|Endangered Wood Storks. Credit: Ray Paterra/USFWS|
Bulls Island, at 5000 acres, is the largest of four barrier islands found within the Cape Romain NWR. The island consists of maritime forest, fresh and brackish water impoundments, salt marsh and sandy beaches. Live oaks, Sabal palmettos, cedar, loblolly pines and magnolias are the dominant trees found on the island. Bulls Island is home for deer, alligators, raccoons, and black fox squirrels, but the bird life is what Bulls Island is known for throughout the world. Over 293 species of birds have been recorded on the refuge with most being found on or near Bulls. During the fall and winter seasons, black ducks, canvasback, scaup and wigeon can be found in the impoundments. Yellowlegs, dunlins and sanderlings are viewed on the mud flats and beaches. Waders such as blue herons and American and snowy egrets are plentiful. Warblers, woodpeckers and raptors abound in the lush forest on Bulls Island.
|Alligator and Black-necked Stilt.
Credit: Ray Paterra/USFWS
Since the early settlements, Bulls Island has
been the scene of much historical activity. Bulls Bay and the
creeks behind Bulls Island were reputed hideouts for pirates
plundering ships along the coast. The remains of the "Old
Fort" are believed to have been a martello or lookout tower
built in the
early 1700's. During the Revolutionary War, British warships used the islandto replenish supplies.
For 240 years, 36 parties claimed ownership of Bulls Island. In 1925, New York banker and broker Gayer Dominick purchased the island. An avid outdoorsman, Dominick built a large vacation home and developed the island into a hunting preserve. In 1936, Dominick conveyed the island to the U.S. Government and Bulls Island became part of the Cape Romain NWR.
|Boneyard Beach. Credit:
Perhaps the most photographed location on Bulls Island is Boneyard Beach. Here, hundreds of oaks, cedars and pines are strewn along a three mile stretch of beach on the northeast corner of the island; all the result of an ever-changing beach in constant battle with the in-coming surf. Boneyard Beach gets its name from all the downed trees that have been bleached by the sun and salt water.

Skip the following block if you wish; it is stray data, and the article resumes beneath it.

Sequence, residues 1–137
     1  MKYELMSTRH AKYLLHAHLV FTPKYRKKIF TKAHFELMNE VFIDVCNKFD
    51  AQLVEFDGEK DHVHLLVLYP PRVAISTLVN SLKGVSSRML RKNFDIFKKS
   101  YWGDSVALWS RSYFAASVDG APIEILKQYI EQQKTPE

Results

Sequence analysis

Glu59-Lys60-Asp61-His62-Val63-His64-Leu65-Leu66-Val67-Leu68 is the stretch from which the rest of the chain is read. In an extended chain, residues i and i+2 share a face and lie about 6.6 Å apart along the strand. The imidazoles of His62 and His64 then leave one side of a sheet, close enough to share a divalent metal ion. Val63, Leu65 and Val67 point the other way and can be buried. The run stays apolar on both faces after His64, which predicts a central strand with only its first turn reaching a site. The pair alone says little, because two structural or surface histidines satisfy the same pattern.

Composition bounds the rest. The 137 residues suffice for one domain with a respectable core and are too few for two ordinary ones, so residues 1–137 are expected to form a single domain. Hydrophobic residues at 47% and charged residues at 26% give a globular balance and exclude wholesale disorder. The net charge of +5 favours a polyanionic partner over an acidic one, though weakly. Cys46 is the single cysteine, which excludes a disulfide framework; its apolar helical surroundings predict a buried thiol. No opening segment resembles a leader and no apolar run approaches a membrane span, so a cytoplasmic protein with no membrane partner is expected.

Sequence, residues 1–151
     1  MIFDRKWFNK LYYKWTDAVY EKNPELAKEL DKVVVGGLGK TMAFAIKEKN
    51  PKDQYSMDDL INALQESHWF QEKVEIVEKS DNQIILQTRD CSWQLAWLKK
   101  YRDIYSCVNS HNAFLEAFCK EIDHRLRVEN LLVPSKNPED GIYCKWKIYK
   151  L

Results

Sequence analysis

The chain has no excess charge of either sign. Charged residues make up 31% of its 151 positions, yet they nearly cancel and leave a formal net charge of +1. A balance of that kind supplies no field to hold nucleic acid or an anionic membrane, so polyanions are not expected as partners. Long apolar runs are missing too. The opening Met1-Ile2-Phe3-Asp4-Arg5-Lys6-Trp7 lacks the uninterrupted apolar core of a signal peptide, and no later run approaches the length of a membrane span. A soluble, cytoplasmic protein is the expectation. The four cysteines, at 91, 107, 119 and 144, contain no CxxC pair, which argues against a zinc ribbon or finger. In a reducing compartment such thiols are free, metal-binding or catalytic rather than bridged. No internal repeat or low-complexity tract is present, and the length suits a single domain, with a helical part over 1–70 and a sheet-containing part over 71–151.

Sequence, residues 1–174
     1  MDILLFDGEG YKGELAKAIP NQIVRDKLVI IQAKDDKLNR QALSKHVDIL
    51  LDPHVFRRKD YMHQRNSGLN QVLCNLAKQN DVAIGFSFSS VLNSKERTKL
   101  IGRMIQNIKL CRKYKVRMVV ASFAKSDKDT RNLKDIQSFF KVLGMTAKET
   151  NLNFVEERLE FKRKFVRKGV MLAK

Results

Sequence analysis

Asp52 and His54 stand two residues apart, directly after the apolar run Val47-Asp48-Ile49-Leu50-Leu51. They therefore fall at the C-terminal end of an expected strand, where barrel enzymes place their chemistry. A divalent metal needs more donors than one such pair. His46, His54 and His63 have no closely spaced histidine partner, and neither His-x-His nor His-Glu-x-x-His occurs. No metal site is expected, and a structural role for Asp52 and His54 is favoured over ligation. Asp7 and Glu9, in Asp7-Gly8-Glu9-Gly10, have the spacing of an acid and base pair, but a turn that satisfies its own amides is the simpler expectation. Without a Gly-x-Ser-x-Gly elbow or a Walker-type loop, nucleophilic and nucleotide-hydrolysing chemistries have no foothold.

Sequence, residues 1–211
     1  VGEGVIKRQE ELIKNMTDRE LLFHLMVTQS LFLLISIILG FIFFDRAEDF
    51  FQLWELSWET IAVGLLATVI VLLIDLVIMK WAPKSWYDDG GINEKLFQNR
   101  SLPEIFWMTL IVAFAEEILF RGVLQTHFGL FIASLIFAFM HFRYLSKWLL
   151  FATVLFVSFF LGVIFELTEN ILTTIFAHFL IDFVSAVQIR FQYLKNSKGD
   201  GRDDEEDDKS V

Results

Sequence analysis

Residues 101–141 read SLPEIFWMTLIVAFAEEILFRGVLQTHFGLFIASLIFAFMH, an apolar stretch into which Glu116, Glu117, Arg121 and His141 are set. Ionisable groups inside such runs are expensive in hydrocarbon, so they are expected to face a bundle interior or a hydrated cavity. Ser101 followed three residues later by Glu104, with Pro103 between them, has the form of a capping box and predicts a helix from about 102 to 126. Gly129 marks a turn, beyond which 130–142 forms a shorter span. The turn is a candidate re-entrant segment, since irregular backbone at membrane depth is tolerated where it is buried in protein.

Visitors to Bulls Island can enjoy surf fishing, watching wildlife, picnicking, hiking and biking. There are two hiking trails, the one-mile Middens Trail and the two-mile Turkey Walk Trail. Bicycles are allowed only on the island roads; bikes are not permitted on the beach or nature trails.
During the first week in November and first week in December there is an archery hunt for white-tailed deer. The harvest of surplus animals is one tool used to manage wildlife populations. Carefully managed hunts maintain wildlife populations at a level compatible with the environment, provide wholesome recreational opportunities, and permit the use of a valuable renewable resource. For more information about the hunt, please see the refuge hunt brochure.
Bulls Island lies nearly 3 miles off the mainland and can be reached by boat from Garris Landing. A private ferry service takes visitors to the island on regularly scheduled days. Visitors desiring to visit Bulls Island should contact Coastal Expeditions at (843) 881-4582 or by viewing Bulls Island Ferry.
See the Bulls Island information sheet for additonal information and to view a map of the island.